'Black Panther': The Wonder Behind Its Final Scene

Ryan Coogler's film ends on a hopeful note that signals a bright future for franchise filmmaking.
Courtesy of Walt Disney Studios Motion Pictures

[Warning: This story contains spoilers for Black Panther]

Disney’s one-two combo of Star Wars: The Last Jedi and Black Panther is a staggering achievement. The Last Jedi is the biggest movie of 2017, while Black Panther is already setting the bar high for 2018. But the films share more than big box-office numbers and a heightened social consciousness; they’re movies actively distancing themselves from franchise preconceptions surrounding them.

The Last Jedi's Rian Johnson and Black Panther's Ryan Coogler both came up from smaller-scale projects, and have managed to make personal films under two of the biggest blockbuster banners around. So it's interesting to consider that both of their films end on essentially the same beat (not counting Marvel's customary post-credits scenes): A child witnesses something incredible, inspiration for a future that otherwise might seem impossible.

Black Panther’s finale is particularly moving as it uses T’Challa’s ship to mesmerize and engage Oakland kids, specifically a wonderstruck child played by Moonlight’s Alex Hibbert. He asks if the ship belongs to the Wakandan king, pauses, then asks who he is. We get to watch a kid create a hero for himself — something doubly touching as we know that's also true for plenty of kids of color in the audience getting to see a hero who looks like them on the big screen.

Much in the same way, The Last Jedi places its hope in a young Force-wielding, broom-sweeping slave played by first-timer Temirlan Blaev. He may be verbally abused and worn down, but he has hope after he sees starships blast into hyperspace. He’s got the insignia of the Resistance (given to him by Kelly Marie Tran's Rose) and he's got the Force (which he uses to summon a broom). We get the sense the kid has a future that will transcend his current circumstances. It's easy to imagine that fighting the machine will come naturally to him now that he’s heard the whispers of resistance, found the role models and witnessed the infinite promises of the stars.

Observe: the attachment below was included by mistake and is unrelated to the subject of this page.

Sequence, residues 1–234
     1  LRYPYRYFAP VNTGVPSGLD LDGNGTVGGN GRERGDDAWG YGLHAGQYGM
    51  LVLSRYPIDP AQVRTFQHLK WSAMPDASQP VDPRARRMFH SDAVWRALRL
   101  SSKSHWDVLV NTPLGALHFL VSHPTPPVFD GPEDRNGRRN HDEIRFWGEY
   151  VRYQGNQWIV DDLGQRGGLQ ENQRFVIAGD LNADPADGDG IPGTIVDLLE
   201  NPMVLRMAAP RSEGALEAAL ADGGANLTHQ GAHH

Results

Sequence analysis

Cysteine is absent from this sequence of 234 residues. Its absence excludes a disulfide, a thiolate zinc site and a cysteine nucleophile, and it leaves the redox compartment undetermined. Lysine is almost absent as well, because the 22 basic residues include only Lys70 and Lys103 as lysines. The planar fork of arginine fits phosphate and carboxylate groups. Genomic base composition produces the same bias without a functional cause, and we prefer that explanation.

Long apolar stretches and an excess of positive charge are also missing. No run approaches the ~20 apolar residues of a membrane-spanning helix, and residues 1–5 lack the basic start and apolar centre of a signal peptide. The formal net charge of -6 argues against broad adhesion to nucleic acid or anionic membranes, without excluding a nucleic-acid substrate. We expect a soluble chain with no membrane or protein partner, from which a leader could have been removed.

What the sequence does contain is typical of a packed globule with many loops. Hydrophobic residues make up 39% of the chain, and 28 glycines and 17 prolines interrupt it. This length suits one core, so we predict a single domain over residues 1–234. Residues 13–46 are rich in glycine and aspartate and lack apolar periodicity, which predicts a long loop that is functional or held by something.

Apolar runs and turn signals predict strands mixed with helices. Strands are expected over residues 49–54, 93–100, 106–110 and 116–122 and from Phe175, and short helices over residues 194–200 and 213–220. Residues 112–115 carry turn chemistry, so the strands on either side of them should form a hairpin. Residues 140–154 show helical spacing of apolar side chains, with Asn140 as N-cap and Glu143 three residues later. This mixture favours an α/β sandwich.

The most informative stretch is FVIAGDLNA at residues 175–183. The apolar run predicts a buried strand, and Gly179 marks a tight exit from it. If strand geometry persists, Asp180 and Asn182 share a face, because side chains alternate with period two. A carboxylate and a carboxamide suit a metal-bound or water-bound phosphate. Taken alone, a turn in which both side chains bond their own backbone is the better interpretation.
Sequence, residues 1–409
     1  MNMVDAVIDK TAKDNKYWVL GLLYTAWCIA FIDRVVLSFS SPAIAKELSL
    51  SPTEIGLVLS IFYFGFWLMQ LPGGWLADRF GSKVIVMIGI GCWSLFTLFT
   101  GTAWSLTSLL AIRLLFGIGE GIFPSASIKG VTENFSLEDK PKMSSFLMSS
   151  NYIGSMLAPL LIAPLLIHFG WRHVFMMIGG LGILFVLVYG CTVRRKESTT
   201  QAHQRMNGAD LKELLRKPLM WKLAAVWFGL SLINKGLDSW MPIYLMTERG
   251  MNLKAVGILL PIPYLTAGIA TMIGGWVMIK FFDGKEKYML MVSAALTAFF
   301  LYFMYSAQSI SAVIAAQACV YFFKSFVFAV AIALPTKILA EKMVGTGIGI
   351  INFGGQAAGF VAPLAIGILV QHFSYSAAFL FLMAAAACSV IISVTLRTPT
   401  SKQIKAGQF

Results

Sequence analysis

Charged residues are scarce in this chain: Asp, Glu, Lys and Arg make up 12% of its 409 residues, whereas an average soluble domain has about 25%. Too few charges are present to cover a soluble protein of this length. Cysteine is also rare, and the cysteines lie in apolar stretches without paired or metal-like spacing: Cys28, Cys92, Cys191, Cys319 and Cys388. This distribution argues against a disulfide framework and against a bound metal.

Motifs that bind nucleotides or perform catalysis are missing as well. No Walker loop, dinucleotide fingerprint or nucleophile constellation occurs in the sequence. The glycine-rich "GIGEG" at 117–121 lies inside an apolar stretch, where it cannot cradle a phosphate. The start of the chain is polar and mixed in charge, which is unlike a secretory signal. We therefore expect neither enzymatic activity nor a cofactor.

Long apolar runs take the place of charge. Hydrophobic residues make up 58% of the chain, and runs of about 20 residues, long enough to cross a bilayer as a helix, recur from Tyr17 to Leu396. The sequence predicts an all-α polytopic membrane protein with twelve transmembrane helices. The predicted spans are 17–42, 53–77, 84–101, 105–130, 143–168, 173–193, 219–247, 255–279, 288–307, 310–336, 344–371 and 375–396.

These two scenes cap films that spend their runtimes raising questions about legacy. Black Panther is a story about refining identities (personal, cultural and national) and separating past from future. It lacks the tie-ins, foreshadowed villains and lame MacGuffins populating the more interconnected Marvel films. It opts instead to create a world of its own. The Last Jedi dismisses reverence for what came before in both its plot and its themes as the villainous Kylo Ren (Adam Driver) attempts to violently eradicate the past, while the film's heroes attempt to learn from it and move on.

That this message is shared across both films makes sense from storytelling and business perspectives. Both franchises hope to live long lives, and a new generation of viewers needs to be wooed. Marvel is already up to three films a year — and has at least a decade of stories planned, while Lucasfilm aims to release one movie a year indefinitely. 

When you end your film with the geeky equivalent of a kid catching "Mean" Joe Greene’s jersey, it explicitly tells the younger segment of the audience that, yes, they are right to let their imaginations run wild. It tells them that, yes, if circumstances were different (but not that different), it could have been them up on screen meeting Black Panther or doing chores with the mysterious power of the Jedi. 

As Johnson explained about Empire: "To me, it was really important to have that final scene, because it turns what Luke did from an act that saves 20 people into an act that inspires the galaxy."

Coogler gave an interview back in 2007 in which he said that he wanted to make movies in Oakland (his birthplace and home for many years). He wanted to make movies “kids can see,” that will inspire them to say, “I can do that.” A little more than a decade later and Coogler’s done just that.